This document presents nine states of community readiness for engaging in prevention activities.
Through extensive research on community development and substance abuse prevention efforts, researchers (Oetting et al, 1995; Edwards et al, 2000) have identified nine stages of readiness through which communities develop. The higher the stage of development the greater the degree of readiness. Each stage is described below, accompanied by the characteristics of communities at each stage and strategies for increasing readiness.
Stage 1: Community Tolerance/No Knowledge
Community norms actively tolerate or encourage the behavior, although the behavior may be expected of one group and not another (e.g., by gender, race, social class, or age). The behavior, when occurring in the appropriate social context, is viewed as acceptable or as part of the community norm. Those who do not engage in the behavior may be tolerated, but might be viewed as somewhat deviant. Stage 1 strategies include:
Stage 2: Denial
There is usually recognition that the behavior is or can be a problem. Community norms usually would not approve of the behavior, but there is little or no recognition that this might be a local problem. If there is some idea that it is a problem, there is a feeling that nothing needs to be done about this locally, or that nothing can be done about it. Stage 2 strategies include:
Stage 3: Vague Awareness
There is a general belief that there is a local problem and that something ought to be done about it. Knowledge about local problems tends to be stereotypical and vague, or linked only to a specific incident or two. There is no immediate motivation to do anything. No identifiable leadership exists, or leadership lacks energy or motivation. Stage 3 strategies include:
Stage 4: Pre-planning
There is clear recognition that there is a local problem and that something should be done about it. There is general information about local problems, but ideas about etiology or risk factors tend to be stereotyped. There are identifiable leaders, and there may be a committee, but no real planning. Stage 4 strategies include:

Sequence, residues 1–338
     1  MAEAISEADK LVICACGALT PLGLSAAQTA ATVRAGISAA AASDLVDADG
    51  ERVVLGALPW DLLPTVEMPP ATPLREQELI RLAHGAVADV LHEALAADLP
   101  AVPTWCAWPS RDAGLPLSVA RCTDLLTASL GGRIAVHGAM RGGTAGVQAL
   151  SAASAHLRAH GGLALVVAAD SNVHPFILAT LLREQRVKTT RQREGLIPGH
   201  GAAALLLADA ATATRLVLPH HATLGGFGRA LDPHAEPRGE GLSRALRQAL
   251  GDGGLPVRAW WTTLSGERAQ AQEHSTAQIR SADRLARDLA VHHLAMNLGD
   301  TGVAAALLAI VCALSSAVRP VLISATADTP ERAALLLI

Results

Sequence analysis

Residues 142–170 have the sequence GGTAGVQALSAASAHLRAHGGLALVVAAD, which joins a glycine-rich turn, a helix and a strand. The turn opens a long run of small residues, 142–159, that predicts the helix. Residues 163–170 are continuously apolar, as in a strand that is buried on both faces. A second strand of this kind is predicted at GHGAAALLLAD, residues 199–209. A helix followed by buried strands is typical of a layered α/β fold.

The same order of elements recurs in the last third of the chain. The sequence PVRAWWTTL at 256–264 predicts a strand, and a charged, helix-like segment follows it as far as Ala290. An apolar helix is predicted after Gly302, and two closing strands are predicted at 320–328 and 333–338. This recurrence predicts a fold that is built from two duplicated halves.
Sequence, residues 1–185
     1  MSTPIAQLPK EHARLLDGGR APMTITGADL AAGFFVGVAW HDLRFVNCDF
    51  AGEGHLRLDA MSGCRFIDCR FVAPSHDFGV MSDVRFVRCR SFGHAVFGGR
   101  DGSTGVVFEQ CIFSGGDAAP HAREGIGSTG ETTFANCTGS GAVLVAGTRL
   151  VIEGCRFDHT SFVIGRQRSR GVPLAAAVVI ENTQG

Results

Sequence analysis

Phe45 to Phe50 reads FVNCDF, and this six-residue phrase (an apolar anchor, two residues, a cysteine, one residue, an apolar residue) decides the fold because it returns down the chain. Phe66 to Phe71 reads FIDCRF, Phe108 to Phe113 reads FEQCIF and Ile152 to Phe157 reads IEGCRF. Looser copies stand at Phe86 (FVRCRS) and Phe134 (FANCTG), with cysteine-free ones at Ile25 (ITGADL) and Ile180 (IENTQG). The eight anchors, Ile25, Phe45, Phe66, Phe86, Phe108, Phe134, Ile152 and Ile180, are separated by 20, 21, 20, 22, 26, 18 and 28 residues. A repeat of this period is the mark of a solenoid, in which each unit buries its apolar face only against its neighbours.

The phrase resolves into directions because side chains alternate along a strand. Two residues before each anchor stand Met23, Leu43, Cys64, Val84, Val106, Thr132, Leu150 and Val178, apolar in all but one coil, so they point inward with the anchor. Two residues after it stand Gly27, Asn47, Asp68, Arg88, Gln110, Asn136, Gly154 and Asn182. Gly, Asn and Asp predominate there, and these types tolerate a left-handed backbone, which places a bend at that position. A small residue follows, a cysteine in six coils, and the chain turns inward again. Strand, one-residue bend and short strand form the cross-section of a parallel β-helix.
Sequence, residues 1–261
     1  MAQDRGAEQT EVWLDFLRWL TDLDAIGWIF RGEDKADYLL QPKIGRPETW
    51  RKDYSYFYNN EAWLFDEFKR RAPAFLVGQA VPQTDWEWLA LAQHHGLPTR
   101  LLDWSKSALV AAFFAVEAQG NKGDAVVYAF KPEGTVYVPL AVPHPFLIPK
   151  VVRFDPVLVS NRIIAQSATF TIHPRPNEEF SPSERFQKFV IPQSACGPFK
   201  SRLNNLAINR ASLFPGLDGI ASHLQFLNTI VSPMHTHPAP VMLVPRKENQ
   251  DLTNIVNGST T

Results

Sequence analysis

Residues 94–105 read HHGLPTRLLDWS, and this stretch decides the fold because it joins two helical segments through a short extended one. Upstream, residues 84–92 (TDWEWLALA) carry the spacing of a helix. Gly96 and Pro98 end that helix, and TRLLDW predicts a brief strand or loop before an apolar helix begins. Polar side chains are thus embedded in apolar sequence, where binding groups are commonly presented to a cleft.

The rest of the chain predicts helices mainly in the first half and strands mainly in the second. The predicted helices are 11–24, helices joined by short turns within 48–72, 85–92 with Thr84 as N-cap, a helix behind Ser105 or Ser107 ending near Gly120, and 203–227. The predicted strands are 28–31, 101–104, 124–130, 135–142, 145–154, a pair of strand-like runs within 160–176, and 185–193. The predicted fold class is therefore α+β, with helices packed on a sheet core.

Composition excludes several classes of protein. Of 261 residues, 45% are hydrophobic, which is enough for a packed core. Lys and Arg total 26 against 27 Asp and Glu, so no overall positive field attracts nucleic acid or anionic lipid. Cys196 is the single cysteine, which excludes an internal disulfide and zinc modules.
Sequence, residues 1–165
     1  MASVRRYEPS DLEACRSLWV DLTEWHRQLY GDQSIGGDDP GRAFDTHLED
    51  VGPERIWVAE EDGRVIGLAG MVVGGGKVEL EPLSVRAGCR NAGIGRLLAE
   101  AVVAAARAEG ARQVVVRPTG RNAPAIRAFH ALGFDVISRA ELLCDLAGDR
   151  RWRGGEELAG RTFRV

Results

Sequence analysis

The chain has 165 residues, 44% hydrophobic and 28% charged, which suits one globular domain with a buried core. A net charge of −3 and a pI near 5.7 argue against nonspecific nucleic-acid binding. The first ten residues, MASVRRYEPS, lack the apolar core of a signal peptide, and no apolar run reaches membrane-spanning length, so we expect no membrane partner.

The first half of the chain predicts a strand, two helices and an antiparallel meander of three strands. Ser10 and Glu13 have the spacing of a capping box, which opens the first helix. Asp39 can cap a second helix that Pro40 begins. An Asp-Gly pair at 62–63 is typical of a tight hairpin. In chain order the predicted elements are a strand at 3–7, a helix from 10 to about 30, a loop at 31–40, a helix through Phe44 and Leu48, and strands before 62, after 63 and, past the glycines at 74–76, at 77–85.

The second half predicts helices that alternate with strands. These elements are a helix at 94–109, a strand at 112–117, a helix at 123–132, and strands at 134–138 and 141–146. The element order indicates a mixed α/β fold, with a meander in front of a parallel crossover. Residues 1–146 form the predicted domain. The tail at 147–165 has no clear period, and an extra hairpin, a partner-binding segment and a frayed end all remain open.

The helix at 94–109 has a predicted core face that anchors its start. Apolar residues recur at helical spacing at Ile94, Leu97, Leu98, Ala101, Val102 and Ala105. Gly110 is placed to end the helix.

Stage 5: Preparation
Planning is going on and focuses on practical details. There is general information about local problems and about the pros and cons of prevention programs, but it may not be based on formally collected data. Leadership is active and energetic. The program may have started on a trial basis. Funding is being actively sought or has been committed. Stage 5 strategies include:
Stage 6: Initiation
Enough information is available to justify a prevention program, but knowledge of risk factors is likely to be stereotyped. A program has been started and is running, but it is still on trial. Staff is in training or has just finished training. There may be great enthusiasm because limitations and problems have not yet been experienced. Stage 6 strategies include:
Stage 7: Institutionalization/Stabilization
One or two programs are running, supported by administration, and accepted as a routine and valuable activity. Staff are trained and experienced. There is little perceived need for change or expansion. Limitations may be known, but there is not much sense that the limitations suggest a need for change. There may be some form of routine tracking of prevalence. There is not necessarily permanent funding, but there is established funding that allows the program the opportunity to implement its action plan. Stage 7 strategies include:
Stage 8: Confirmation/Expansion
Standard programs are viewed as valuable and authorities support expanding or improving programs. New programs are being planned or tried out in order to reach more people, those thought to be more at risk or different demographic groups. Funds for new programs are being sought or committed. Data are obtained regularly on extent of local problems and efforts are made to assess risk factors and causes of the problem. Stage 8 strategies include:
Stage 9: Professionalization
Detailed and sophisticated knowledge of prevalence, risk factors and etiology exists. Some programs may be aimed at general populations, while others are targeted at specific risk factors and/or at-risk groups. Highly trained staff members are running programs, authorities are supportive, and community involvement is high. Effective evaluation is used to test and modify programs. Stage 9 strategies include:
Community Tool Box. (2014). Community Readiness. Retrieved from: http://ctb.dept.ku.edu/en/table-of-contents/overview/models-for-community-health-and-development/community-readiness/main 
Edwards, R. W., Jumper-Thurman. P., Plested, B. A., Oetting, E. R., & Swanson, L. (2000). Community readiness: Research to Practice. Journal of Community Psychology, 28(3), 291-307. Retrieved from: http://triethniccenter.colostate.edu/docs/Article2.pdf 
National Institute of Drug Abuse, (1997). Community Readiness for Drug Abuse Prevention: Issues, Tips and Tools. St. Paul, MN pp. 131-150.
Oetting, E. R., Donnermeyer, J. F., Plested, B. A., Edwards, R. W., Kelly, K., & Beauvais, F. (1995). Assessing community readiness for prevention. The International Journal of the Addictions, 30(6), 659-683. Retrieved from: http://triethniccenter.colostate.edu/docs/Article9.pdf 
Plested, B.A., Edwards, R.W., & Jumper-Thurman, P. (2006). Community readiness: A handbook for successful change. Fort Collins, CO: Tri-Ethnic Center for Prevention Research. Retrieved from: http://www.triethniccenter.colostate.edu/docs/cr_handbook_ss.pdf 
Developed under the Substance Abuse and Mental Health Services Administration’s (SAMHSA) Center for the Application of Prevention Technologies contract. Reference #HHSS277200800004C. For training and/or technical assistance purposes only.